This album has brought me close to tears, multiple times. Not only is this “New Orleans Jazz” release a perfect standalone, it bridges the geographic gap between my previous chapter in Wisconsin, and my current stint in Los Angeles. James Booker and his iconic Junco Partner happened to be the last melody of any significance I had giddily immersed myself into days leading to my permanent departure from the rural Midwest. What turned out to be rather serendipitous was that The Lost Paramount Tapes was, in fact, the first album of any format (compact disc) I was able to acquire upon my arrival to sunny, congested, southern California (September of 2003 with thanks to Grady’s Record Refuge in Ventura, CA). The first soundtrack to my new life has, today finally joined the fold. Thank you Vinyl Me, Please (a damn good record of the month club that I only recently discontinued) for seeing the unspoken greatness of this absolutely and profoundly perfect record, and for FINALLY providing it a much deserved, and greatly anticipated vinyl release. James Booker was most certainly a character, both sides of the coin, and his efforts on The Lost Paramount Tapes not only resonate on a deeply personal level, they make for one of the best (expletive) albums I’ve ever had the pleasure of spinning. Top 3 records of all time. Hands down.
1973 was a good year for a lot of people. I wouldn’t know, personally, but Mr. Harry Nilsson released an album of 20th-century standards for his 10th studio album, whimsically titled, A Little Touch of Schmilsson in the Night, so 1973 couldn’t have been all that bad. Using Sinatra arranger Gordon Jenkins, A Little Touch clocks in at just over 36 mins over 12 songs, and though praised for Nilsson’s prominent vocals, it only received modest chart success. Regardless, A Little Touch is well worth the price of admission, and is a perfect spin for those foggy, Southern California days, or anywhere you can plug in a turntable.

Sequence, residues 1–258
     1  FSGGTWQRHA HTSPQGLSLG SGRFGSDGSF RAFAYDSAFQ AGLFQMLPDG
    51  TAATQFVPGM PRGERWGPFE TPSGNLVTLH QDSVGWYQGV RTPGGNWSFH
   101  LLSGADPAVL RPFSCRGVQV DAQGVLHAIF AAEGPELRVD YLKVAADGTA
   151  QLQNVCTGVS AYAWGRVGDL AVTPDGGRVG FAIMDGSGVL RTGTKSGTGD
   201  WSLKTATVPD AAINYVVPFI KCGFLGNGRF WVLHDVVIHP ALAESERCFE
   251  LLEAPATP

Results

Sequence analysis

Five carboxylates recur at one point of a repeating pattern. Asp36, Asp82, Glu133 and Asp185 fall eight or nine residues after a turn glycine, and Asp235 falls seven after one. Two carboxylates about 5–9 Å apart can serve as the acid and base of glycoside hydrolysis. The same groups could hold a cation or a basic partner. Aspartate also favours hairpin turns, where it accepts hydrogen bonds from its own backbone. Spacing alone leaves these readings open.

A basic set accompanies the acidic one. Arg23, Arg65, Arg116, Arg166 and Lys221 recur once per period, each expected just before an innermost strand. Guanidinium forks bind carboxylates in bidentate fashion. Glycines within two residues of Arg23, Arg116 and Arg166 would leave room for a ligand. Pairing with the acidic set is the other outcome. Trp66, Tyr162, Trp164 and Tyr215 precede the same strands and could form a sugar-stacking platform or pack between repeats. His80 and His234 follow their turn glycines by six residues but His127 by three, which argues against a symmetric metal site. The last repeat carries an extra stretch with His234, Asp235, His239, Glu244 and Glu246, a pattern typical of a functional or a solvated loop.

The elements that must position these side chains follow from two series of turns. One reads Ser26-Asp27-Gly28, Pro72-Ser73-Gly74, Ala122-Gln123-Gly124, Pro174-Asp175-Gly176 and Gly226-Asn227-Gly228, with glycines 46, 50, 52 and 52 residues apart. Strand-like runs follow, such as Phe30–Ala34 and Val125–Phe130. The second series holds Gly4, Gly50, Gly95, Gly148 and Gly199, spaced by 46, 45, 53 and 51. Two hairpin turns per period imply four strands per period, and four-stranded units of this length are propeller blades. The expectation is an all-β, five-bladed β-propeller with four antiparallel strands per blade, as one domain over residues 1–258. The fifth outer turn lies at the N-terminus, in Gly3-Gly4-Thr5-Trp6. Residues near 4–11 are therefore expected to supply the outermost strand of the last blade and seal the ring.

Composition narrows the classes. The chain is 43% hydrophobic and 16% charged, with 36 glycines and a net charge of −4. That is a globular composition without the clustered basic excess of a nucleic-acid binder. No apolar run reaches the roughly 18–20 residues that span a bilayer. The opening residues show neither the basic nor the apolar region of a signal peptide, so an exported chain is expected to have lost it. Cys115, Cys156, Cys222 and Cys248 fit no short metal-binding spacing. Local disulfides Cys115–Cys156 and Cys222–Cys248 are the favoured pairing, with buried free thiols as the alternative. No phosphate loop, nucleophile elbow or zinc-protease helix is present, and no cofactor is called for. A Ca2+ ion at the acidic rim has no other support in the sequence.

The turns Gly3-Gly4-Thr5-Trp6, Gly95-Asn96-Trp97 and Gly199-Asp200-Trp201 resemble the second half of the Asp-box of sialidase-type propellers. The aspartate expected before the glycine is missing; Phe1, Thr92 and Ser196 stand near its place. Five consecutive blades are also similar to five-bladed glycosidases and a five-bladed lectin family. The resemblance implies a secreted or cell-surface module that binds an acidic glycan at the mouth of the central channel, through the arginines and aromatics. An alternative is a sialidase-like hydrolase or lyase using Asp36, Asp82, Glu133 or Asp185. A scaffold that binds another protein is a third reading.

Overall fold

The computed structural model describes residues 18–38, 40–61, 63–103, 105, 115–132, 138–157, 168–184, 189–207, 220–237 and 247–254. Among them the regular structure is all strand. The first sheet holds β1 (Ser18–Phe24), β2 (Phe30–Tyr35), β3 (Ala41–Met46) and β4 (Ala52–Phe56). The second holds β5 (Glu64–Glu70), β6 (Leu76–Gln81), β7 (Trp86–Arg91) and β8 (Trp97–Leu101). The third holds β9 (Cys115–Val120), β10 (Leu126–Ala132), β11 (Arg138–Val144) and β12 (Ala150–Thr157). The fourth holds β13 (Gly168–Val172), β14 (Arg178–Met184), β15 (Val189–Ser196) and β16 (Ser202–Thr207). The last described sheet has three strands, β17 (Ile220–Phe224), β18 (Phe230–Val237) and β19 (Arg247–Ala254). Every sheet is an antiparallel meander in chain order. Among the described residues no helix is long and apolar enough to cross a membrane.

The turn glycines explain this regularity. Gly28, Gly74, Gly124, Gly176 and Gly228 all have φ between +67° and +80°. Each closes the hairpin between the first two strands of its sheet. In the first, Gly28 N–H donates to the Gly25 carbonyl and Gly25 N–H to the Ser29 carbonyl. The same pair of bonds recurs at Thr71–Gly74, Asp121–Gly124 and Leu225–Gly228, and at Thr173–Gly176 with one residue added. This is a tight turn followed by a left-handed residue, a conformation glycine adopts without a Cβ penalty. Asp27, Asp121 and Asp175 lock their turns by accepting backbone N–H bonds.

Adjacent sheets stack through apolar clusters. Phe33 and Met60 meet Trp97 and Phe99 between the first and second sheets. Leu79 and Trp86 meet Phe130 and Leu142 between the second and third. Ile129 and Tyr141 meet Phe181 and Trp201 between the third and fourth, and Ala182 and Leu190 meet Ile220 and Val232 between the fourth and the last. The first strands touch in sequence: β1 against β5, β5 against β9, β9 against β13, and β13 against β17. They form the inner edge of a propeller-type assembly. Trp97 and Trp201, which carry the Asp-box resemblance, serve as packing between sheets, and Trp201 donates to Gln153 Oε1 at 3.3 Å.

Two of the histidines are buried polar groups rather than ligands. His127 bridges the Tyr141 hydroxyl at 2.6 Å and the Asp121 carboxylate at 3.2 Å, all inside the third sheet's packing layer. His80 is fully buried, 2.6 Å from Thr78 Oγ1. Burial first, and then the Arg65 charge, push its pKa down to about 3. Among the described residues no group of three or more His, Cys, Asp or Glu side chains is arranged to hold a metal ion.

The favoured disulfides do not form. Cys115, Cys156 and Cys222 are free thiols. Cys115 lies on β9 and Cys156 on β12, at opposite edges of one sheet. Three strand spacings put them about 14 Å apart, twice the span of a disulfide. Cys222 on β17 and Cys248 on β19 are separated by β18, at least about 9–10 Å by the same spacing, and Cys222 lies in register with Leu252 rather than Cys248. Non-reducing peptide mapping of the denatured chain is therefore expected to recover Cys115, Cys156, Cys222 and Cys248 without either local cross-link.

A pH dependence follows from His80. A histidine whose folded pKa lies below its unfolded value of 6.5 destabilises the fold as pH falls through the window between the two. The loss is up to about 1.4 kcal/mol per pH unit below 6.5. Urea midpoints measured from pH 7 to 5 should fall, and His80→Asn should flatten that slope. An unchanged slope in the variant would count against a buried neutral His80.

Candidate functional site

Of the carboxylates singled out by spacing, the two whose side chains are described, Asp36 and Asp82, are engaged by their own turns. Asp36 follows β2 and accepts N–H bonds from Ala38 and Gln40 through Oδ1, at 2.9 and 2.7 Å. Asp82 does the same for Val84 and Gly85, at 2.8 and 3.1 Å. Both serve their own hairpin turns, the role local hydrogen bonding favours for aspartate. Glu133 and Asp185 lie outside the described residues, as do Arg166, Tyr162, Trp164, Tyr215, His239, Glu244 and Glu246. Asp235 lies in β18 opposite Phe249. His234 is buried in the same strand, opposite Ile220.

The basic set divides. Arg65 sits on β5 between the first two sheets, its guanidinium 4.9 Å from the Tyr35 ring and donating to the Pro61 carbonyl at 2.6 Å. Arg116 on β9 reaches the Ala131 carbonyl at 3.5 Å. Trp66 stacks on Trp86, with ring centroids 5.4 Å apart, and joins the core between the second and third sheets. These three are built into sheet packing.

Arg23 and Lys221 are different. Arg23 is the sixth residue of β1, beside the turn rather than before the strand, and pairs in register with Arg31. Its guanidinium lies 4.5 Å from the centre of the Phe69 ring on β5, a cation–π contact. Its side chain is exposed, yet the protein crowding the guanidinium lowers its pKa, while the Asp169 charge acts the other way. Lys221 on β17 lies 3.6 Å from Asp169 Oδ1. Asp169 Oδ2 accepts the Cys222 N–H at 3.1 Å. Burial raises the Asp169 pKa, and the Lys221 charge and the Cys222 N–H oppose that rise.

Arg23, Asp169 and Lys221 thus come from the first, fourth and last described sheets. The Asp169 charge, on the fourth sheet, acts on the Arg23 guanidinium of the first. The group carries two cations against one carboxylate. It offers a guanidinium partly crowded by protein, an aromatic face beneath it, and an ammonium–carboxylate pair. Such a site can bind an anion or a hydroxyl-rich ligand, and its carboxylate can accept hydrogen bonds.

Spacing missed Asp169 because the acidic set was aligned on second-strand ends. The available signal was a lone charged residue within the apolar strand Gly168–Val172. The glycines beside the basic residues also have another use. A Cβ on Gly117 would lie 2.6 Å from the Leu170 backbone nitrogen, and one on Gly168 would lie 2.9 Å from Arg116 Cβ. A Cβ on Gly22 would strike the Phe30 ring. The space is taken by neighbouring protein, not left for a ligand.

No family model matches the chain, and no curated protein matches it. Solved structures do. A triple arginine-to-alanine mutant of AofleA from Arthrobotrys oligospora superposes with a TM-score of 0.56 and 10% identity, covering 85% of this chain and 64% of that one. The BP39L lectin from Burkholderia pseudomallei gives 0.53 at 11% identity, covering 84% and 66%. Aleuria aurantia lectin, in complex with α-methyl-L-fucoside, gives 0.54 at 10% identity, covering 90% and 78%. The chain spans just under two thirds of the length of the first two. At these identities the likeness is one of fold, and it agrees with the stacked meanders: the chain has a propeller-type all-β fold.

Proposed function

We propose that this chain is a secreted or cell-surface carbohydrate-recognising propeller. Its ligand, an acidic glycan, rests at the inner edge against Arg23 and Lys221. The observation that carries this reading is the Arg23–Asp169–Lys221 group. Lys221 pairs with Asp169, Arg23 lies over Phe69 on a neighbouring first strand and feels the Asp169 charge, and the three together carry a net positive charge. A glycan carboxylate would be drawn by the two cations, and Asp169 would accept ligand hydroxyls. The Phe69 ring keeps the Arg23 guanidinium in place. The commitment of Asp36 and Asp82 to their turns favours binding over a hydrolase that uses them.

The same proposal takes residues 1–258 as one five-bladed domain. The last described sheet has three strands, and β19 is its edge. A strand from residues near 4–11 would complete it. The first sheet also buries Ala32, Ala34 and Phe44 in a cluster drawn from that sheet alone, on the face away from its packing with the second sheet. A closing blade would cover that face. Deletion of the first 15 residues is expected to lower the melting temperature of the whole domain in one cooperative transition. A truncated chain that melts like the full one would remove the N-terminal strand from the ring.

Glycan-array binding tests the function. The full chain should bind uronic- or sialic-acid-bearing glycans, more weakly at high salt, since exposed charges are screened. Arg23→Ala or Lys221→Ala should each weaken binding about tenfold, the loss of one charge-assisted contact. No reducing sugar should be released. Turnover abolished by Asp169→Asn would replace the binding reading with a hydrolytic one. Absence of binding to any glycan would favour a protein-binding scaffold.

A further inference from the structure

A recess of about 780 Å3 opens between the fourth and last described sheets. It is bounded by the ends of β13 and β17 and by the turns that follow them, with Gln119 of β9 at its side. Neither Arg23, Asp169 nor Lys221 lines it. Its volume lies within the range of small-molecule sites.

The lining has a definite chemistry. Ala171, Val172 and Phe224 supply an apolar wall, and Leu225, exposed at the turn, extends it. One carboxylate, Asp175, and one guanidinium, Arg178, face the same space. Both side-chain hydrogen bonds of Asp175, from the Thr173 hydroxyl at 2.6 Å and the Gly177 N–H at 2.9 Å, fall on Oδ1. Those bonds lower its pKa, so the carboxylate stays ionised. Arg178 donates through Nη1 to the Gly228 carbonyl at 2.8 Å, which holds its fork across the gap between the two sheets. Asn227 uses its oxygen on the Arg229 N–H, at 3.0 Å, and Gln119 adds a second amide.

My knowledge of The Allman Brothers Band could fill a mid-century Social Studies textbook, assuming said textbook was completely blank. I know nothing of this band outside their infrequently played radio hit, Ramblin’ Man. Acquiring this album because it was (to me) a cover to a They Might Be Giants song, Jessica. Turns out, I had my starting and end points a bit skewed. Brothers and Sisters is fine, casual, late August, early September, autumnal soundtrack fodder, or something of the like.
This particular copy of Bob Marley and the Wailers’ fifth studio album, 1973’s Catch A Fire must have endured considerable play by the original owner, as this sleeve is absolutely filthy. Record hygiene must have been completely abandoned leaving me to feel the incessant need to scrub my mitts every time I give her a spin. I wonder, to myself, obviously, what would be a proper cleaning solution to clean album covers.
Well, it was only a matter of time until we got to the Steven Tyler-led, 70s monarch, Aerosmith. Hard rock, for the ears of fans who only knew soft rock (I apologize to no one), Aerosmith cemented their historic, decade-looming monument with 1973’s Dream On, although it didn’t receive commercial appreciation until its 1976 re-release, and although my interaction with the band didn’t “officially” occur until the mid-sorry-nineties, one growing up in rural Wisconsin does not go a casual day and not stumble across a bit of Aerosmith, in whatever iteration that plop-cultured medium deemed fit.